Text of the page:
jection and a foreign body sensation in the left eye. She had a
history of breast cancer and had been treated 2 years previously
with modified radical mastectomy followed by adjuvant radio
therapy and chemotherapy. Slitlamp examination showed a
cystic mass under the temporal bulbar conjunctiva, associated
with dilated overlying conjunctival vessels. An excisional biopsy
revealed a poorly differentiated adenocarcinoma. Positron emis
sion tomography examination for systemic malignancy revealed
multiple systemic metastasis. Metastatic disease should be con
sidered in the differential diagnosis of subconjunctival lesions,
and ophthalmic manifestations can play an important role in the
detection of metastatic spread of a known primary breast cancer.
Key Words: Adenocarcinoma, Breast neoplasms, Conjunctival neoplasms,
Correspondence to: Jong Soo Lee
Department of Ophthalmology, Pusan National University School of
Medicine, and Medical Research Institute, Pusan National University
Hospital, 179 Gudeok-ro, Seo-gu, Busan 602-739, Korea
Tel: +82-51-240-7323, Fax: +82-51-242-7341
Received: November 5, 2013 Accepted: January 6, 2014
Subconjunctival Breast Cancer Metastasis
the temporal bulbar conjunctiva, associated with dilated over-
lying conjunctival vessels (Figure 1). The anterior chamber,
lens, and media were clear, no signs of choroid or retina in-
volvement were observed, and extraocular muscle movement
was not limited. Informed consent was obtained from the pa-
tient before the surgery. An excisional biopsy revealed a poor-
ly differentiated adenocarcinoma positive for carcinoembry-
onic antigen and p53, and negative for gross cystic disease flu-
id protein 15, thyroid transcription factor-1, and estrogen re-
ceptor (Figure 2). Positron emission tomography examination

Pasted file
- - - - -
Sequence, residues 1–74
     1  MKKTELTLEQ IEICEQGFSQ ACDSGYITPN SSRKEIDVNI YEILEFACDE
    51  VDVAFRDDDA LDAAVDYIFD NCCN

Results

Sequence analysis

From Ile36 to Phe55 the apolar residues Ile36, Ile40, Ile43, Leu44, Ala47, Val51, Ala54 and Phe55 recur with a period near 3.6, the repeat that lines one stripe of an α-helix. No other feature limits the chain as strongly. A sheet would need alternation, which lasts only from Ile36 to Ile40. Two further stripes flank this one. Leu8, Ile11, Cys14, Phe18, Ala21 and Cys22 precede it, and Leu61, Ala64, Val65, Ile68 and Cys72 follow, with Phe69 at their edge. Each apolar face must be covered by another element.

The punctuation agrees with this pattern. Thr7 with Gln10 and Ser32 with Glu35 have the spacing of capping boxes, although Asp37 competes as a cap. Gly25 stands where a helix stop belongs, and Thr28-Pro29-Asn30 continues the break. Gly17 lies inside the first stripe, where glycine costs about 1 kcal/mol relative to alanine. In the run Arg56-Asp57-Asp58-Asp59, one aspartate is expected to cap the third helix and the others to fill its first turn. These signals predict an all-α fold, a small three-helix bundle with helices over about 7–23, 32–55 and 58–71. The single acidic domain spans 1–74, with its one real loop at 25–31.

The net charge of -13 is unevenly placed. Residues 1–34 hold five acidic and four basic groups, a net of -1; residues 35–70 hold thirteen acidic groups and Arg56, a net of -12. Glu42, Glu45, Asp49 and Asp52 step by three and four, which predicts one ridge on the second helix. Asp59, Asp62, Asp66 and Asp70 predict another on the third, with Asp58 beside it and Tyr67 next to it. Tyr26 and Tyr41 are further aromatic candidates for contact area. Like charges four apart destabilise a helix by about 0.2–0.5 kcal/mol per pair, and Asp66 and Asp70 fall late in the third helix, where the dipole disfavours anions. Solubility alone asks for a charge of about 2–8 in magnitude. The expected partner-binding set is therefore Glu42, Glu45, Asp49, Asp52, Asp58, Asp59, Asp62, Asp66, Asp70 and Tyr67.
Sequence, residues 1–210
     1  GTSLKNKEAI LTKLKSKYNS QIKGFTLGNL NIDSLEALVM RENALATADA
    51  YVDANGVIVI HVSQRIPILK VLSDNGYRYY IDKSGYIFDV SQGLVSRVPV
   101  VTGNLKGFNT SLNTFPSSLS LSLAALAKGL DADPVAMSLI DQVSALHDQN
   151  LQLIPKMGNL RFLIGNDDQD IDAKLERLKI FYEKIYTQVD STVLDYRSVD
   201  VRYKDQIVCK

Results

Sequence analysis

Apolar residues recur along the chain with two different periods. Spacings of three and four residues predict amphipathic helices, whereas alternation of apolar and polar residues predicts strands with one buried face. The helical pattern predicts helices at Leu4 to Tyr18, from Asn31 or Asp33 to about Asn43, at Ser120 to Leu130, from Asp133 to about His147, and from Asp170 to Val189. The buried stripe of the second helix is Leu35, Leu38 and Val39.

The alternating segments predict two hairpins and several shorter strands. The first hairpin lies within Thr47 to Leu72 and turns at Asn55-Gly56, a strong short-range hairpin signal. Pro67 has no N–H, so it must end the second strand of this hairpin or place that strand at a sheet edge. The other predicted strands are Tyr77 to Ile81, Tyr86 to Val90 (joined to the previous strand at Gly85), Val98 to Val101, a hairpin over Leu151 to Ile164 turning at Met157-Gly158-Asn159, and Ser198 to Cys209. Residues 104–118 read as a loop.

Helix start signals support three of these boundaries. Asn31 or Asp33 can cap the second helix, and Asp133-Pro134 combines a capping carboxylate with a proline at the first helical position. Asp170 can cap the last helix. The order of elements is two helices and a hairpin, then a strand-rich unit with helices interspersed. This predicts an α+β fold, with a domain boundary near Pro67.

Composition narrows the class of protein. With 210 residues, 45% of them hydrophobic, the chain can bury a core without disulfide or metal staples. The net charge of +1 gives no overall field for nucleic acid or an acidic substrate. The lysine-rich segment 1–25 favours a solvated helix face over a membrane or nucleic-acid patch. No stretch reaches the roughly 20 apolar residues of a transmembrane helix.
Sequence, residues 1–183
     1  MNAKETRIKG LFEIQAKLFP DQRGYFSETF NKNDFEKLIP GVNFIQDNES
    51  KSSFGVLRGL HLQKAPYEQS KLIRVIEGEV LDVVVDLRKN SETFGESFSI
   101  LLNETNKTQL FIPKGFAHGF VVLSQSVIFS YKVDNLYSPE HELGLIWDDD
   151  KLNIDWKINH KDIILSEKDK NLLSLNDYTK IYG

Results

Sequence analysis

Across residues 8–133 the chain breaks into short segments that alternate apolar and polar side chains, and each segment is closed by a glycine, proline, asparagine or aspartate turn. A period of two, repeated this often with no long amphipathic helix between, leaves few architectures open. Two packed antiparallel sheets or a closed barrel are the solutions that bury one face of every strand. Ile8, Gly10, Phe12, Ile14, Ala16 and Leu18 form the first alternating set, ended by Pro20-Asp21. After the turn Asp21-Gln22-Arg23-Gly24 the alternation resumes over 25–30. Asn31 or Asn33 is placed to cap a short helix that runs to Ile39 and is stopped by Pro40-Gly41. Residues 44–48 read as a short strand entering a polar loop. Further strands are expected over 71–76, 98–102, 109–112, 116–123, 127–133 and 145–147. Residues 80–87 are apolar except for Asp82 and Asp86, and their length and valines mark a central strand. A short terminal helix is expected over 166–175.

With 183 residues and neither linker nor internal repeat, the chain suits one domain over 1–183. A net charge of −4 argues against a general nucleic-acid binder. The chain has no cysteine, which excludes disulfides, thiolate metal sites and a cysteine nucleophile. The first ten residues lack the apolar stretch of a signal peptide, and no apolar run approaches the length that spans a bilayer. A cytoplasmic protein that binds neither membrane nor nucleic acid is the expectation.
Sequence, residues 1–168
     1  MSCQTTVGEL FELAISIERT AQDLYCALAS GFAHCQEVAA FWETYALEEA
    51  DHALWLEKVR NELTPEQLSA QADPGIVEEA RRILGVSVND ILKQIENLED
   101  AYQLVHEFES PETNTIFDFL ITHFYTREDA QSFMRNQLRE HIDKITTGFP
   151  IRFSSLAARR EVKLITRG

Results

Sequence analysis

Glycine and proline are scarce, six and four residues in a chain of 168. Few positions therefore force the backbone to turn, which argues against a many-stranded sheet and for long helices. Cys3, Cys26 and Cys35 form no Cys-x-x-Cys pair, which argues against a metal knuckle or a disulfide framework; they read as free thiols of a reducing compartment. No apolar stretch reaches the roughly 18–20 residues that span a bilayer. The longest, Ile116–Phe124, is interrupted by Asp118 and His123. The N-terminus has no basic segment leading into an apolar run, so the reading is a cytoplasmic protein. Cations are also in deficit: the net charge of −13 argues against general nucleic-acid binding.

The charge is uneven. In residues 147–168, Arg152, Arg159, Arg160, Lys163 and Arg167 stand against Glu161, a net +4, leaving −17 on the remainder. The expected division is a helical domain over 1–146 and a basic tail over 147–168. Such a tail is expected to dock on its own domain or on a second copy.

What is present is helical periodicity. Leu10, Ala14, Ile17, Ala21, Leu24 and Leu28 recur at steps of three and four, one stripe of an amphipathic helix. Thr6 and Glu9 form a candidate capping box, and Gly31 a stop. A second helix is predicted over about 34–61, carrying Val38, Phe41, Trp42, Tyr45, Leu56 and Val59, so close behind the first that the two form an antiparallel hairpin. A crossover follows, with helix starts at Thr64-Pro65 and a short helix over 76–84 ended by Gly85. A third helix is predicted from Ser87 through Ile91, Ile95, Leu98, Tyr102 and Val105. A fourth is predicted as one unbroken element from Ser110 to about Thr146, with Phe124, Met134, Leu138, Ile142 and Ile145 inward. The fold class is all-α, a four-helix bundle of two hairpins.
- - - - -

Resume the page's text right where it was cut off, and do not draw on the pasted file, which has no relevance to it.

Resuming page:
for systemic malignancy revealed multiple bony metastasis
with bone marrow infiltration, multiple muscular and subcu-
taneous metastasis, multiple lung metastasis with metastatic
subcarinal and left hilar lymph nodes, mesenteric metastasis,
and pancreatic metastasis.
Metastasis to the eye develop most commonly from cancer
of the breast (40%) and the lung (29%) . Freedman and
Folk  reviewed the charts of 112 patients (141 eyes) who
presented with metastasis to the eye or orbit and revealed that
breast cancer was the most common primary tumor (49.1%).
Approximately 5.8% to 9.2% of visually asymptomatic patients
with advanced or metastatic breast cancer develop ocular me-
tastasis, which typically develop 2 to 5 years after the primary
tumor has been detected [7-9]. In our case, an ocular metasta-
sis was found 2 years after the primary tumor was detected.
The subconjunctival space is a potential space between the
conjunctiva and sclera that does not normally contain blood
Figure 1. The slit lamp bi-microscopic finding of subconjunctival mass.
A cystic mass was discovered under the temporal bulbar conjunctiva,
associated with dilated overlying conjunctival vessels.